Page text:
Urban legend it may be, but one wily investor living in San Diego, California is said to drive a car with the licence plate ‘QC Rocks’, in tribute to Qualcomm, the mobile communications company that provided much of his fortune.
Qualcomm, whose shares were one of the star performers of the dot-com boom, is betting that investment in its software technology Brew will produce dividends that are as great, both for the company itself and its shareholders, and for the operators and handset makers that back it. And Europe is increasingly the focus of its plans.
Developed first as a software deployment technology, Brew in effect provides a middleware or hardware abstraction layer that lets authors create applications and run them on a variety of handsets. Its origins – as a way to help Qualcomm update software to its mobile handsets after sale – means that Brew is optimised for over-the-air downloads and supports lean applications.
Qualcomm has since sold off its handset operations, focusing instead largely on software and chipsets for 3G devices. In the European market, it is positioning Brew as an alternative to Sun Microsystems’ Java for downloads and to the Symbian operating system for heavier-weight applications.
Qualcomm certainly has the track record to support this: the company announced at its recent Brew developer conference that consumers had downloaded 130 million applications. And the company has attracted a range of enterprise-focused developers to its platform, providing utilities such as email, instant messaging, medical monitoring and translation.
But although Brew is firmly established in North America and Asia, through networks such as Verizon and KDDI, its footprint in Europe is small with just two operators, in Romania and Israel, running Brew-compatible hardware.
Qualcomm expects this to change, as European networks move over to 3G technology. Many makers of 3G handsets use Qualcomm chipsets, and these chipsets come with Brew support built in. For Qualcomm, the challenge is to persuade networks – especially the pan-European operators Vodafone and Orange – to turn on Brew.
If they do so, the technology offers some advantages to enterprises deploying applications to mobile phones. One is that, whereas Symbian is a feature of high-end phones and PDA-style devices, some operators have shipped Brew in both high-end and low-cost handsets. According to Qualcomm, the platform in markets such as Japan is not limited to the top 10% of phones that would equate to the smartphone market.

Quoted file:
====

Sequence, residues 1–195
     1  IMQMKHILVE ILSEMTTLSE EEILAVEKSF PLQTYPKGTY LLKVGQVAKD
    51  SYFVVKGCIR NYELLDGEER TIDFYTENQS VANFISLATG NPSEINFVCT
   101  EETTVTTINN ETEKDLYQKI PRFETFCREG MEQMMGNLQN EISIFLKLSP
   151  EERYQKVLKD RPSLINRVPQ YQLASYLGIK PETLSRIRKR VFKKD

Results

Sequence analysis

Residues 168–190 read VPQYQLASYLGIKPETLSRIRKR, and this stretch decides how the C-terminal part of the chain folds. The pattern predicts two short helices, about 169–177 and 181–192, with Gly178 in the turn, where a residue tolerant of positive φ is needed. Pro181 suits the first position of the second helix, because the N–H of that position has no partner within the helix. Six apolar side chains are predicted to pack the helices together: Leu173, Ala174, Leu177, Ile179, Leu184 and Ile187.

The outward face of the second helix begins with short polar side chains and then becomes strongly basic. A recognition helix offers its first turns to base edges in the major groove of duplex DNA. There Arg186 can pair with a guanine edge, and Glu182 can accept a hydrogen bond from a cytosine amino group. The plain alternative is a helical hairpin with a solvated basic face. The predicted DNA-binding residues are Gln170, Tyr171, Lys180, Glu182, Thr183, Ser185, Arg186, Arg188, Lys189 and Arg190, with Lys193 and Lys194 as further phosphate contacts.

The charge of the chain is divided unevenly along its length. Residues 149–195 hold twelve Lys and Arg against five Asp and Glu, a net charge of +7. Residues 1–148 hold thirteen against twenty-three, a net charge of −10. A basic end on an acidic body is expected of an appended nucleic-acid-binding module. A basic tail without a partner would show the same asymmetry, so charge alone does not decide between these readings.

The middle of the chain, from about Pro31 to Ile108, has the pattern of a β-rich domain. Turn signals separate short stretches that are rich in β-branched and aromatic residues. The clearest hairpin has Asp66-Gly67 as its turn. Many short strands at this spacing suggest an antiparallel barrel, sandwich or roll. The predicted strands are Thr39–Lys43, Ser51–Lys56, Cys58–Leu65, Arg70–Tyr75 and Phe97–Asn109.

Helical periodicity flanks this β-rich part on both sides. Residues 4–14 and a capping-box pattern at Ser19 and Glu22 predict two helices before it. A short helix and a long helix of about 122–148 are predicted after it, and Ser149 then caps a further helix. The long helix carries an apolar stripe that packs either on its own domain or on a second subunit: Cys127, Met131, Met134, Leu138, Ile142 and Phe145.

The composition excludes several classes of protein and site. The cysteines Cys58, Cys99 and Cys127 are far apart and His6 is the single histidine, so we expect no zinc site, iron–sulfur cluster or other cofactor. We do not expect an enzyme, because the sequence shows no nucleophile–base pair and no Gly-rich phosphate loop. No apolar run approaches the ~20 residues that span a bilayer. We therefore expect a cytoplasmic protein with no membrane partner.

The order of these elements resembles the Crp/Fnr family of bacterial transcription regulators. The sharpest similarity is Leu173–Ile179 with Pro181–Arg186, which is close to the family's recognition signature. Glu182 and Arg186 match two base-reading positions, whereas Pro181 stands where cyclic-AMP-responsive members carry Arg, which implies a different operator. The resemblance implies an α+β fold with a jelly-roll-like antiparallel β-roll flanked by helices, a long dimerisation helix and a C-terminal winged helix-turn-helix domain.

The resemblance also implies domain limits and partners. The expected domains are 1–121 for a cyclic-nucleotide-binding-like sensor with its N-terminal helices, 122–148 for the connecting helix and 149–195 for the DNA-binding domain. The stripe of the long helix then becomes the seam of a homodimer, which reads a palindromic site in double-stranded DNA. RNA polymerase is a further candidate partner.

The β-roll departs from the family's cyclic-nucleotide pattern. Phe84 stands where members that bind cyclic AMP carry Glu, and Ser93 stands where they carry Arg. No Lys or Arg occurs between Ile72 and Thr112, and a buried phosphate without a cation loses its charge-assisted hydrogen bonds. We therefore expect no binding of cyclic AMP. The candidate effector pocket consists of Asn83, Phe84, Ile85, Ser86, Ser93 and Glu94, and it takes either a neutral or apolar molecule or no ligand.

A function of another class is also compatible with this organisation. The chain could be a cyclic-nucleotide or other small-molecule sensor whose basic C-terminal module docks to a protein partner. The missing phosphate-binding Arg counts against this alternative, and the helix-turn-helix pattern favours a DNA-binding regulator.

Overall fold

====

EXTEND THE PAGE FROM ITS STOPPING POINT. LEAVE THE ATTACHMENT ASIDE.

Development and support costs, Qualcomm argues, should also be lower than for competing environments. Unlike Java, there is no direct path to migrate Brew applications to desktop PCs or PDAs, but Qualcomm engineers, and third-party developers, maintain that developing for mobile handsets is such a specialised business that few companies would want to tackle it in-house.
Dr Paul Jacobs, Qualcomm’s global president, says that the advantage of Brew lies in compatibility between phones, rather than between phones and other devices. “Qchat, our push-to-talk technology, is just an application so any Brew phone can use it,” he says. “On an optimised phone you would have a talk button and far field speaker, for Walkie Talkie style operation, but it will work on phones without that.”
Jacobs says that Brew will also enable enterprises to maintain private catalogues of applications available for over-the-air downloads for staff with 3G phones.
The obstacle facing Qualcomm and the Brew community is not the technical capabilities of the system, nor its suitability for enterprise applications – Brew is based in any case on the industry standard C++ programming language, and Brew applications can run on Microsoft-based Smartphones and Symbian. The challenge is to persuade operators to deploy Brew, especially when they have alternatives developed specifically for GPRS, around WAP and Java: businesses might want to run Brew applications, especially if they use them in North America or Asia, but their preferred European operator may not support the technology.
“We might see the tier three or tier four, or even the main challenger networks in Europe, introduce Brew as a differentiator,” says Paolo Pescatore, an IDC analyst. “It allows operators to draw on a standard, but still differentiate themselves.” This might not result in large-scale enterprise deployments, as big companies tend to work with the top one or two operators in their market.
“Qualcomm realises that this is a long haul,” says Pescatore. “But their incremental costs are low, and they have good stories to tell, such as [operators] KDDI in Japan and Vivo in Brazil.” In those markets, Brew has helped to drive innovation in data services, and brought down costs. If such a scenario were to replay in Europe, it will ultimately be to the benefit of enterprises, as well as operators.